But how could we forget the unforgettable climax starring the most unlikely destroyer in New York City history: the Stay-Puft Marshmallow Man? It is without any doubt the most famous scene of the whole picture and it's not without reason. His arrival unleashes the greatest panic attack from the movie's extras, because of his menacing stature. But in the viewers' case, they can't help themselves from smiling and laughing when they see that surreal giant walking in the streets of Manhattan, even if they know that this monster is not so much different from Godzilla, save for the hideous and repulsing appearance.
So "Ghostbusters" is technically innovating, comically revealing, but it's globally some really tasty entertainment that everybody will be able to appreciate. Everyone will be able to find at least one element that will satisfy them. Those who love spectacle and eye-popping sequences will be delighted by the special effects. Others will respond to Bill Murray's lines with an inescapable smile. And let's not forget the eponymous theme song from Ray Parker, Jr. that will play in the heads of people long after they've seen the film.
So, twenty-five years later, we can still watch "Ghostbusters" without telling ourselves that this picture comes from another era. The majority of the special effects have aged well, even if some of the moves from the demonic dogs begin to look like those created by Ray Harryhausen for "The Beast From 20,000 Fathoms". So, it's still easy to love the movie, just like if it was just being released.
Since the first silent movies of the early 20th century, there have been a lot of comedies that were created. But among those which tried to insert big-budget special effects to counterbalance their comic moments, "Ghostbusters" is among the best, if it's not THE best. It's really some pure crazy fun.
While the majority of biopics focus on personalities who were the best
and/or the most popular in what they did, "Ed Wood" tells the story of
the man who is considered today as the worst filmmaker of all time. It
must be said right away that the life of Edward D. Wood, Jr. is far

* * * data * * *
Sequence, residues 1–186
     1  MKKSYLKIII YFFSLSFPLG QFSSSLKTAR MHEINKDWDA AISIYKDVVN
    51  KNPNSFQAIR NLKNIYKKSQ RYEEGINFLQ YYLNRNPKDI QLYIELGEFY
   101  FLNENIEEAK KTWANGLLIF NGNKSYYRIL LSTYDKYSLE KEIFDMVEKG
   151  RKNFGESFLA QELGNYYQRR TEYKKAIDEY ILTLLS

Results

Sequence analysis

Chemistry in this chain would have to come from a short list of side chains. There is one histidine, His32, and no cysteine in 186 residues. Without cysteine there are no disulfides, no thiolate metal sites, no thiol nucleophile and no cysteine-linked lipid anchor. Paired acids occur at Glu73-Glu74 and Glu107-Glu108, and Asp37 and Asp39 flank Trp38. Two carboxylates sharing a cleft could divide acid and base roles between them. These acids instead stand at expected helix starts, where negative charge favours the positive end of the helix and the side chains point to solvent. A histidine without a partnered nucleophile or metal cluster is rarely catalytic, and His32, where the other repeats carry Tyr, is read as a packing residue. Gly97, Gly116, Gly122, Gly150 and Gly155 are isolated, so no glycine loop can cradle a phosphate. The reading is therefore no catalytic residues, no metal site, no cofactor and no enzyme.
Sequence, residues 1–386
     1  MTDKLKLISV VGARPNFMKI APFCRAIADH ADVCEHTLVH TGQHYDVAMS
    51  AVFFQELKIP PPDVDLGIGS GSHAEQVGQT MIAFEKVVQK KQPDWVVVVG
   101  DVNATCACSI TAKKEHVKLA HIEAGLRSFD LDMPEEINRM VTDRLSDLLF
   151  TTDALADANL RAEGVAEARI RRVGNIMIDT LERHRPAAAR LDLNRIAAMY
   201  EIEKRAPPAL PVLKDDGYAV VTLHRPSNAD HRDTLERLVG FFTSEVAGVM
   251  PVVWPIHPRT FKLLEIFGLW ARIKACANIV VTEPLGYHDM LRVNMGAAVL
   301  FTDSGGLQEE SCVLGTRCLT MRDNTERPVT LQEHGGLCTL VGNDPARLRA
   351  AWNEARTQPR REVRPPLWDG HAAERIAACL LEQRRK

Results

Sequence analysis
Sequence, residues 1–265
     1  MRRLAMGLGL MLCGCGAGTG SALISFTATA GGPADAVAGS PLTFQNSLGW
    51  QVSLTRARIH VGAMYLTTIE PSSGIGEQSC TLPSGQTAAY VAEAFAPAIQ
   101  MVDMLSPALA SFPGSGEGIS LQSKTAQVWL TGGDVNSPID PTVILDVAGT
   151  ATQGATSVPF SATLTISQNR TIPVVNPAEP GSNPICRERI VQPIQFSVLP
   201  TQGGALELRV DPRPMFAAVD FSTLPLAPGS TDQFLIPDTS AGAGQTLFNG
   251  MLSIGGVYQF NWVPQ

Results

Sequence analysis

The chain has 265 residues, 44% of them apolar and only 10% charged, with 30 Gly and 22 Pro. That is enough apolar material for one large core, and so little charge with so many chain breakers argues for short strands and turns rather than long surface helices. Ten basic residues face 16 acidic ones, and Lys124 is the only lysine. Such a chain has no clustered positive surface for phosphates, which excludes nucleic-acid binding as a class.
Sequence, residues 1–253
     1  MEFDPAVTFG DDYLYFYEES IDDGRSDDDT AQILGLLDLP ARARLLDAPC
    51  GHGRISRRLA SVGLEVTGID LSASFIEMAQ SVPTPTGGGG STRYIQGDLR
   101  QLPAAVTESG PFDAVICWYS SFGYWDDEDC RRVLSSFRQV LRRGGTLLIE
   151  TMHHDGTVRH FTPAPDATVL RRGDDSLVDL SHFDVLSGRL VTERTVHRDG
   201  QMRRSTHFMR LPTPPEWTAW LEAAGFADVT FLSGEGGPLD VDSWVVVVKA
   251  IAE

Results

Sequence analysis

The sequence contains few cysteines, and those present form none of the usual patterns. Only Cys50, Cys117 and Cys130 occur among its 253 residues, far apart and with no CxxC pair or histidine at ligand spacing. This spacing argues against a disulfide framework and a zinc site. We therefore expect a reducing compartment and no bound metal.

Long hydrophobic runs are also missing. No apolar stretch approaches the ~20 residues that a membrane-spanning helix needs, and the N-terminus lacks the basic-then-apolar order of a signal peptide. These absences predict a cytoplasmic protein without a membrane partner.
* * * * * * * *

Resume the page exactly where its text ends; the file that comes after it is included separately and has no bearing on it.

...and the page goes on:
more interesting and fascinating than those of many other popular
Hollywood legends and this movie shows why.
For starters, Wood was a filmmaker who defined himself as a writer-director-actor-producer, much like his idol Orson Welles. However, unlike Welles, Wood didn't have any magic touch, he never showed any visible talent in his movies, should it be his own or those of his faithful associates.
Ed Wood is played here by Johnny Depp, in what might probably be his best dramatic performance ever. Wood is portrayed here as a fiery film buff who is well decided to leave his mark in Hollywood. His main characteristic is his unequaled optimistic attitude and this attitude pushes him to go forward, even in front of the most insuperable problems. He is always able to find a ray of sunshine inside the most devastating reviews. But in a movie like "Ed Wood", the hardest thing to do would be to find some negative in such a genius and entertaining film.
"Ed Wood" is directed by Tim Burton, probably the most weirdo of all mainstream Hollywood directors and the most capable of presenting the life of Wood and his motley crew of misfit collaborators in the most adequate way possible. Besides Wood, we can find the veteran star of "Dracula" Bela Lugosi (Martin Landau), drag queen Bunny Breckinridge (Bill Murray), the "amazing" Criswell (Jeffrey Jones), Swedish wrestler Tor Johnson (real-life wrestler George Steele) and TV show host Vampira (Lisa Marie).
The actors are fantastic in the sense that they are able of recreating such bad acting roles with that much conviction. Once Burton's camera starts rolling, we can see their real talent in front of us, but when Wood's camera starts rolling, they become pathetic, unconvincing and they deliver the Wood-written lines without even realizing their absurdity.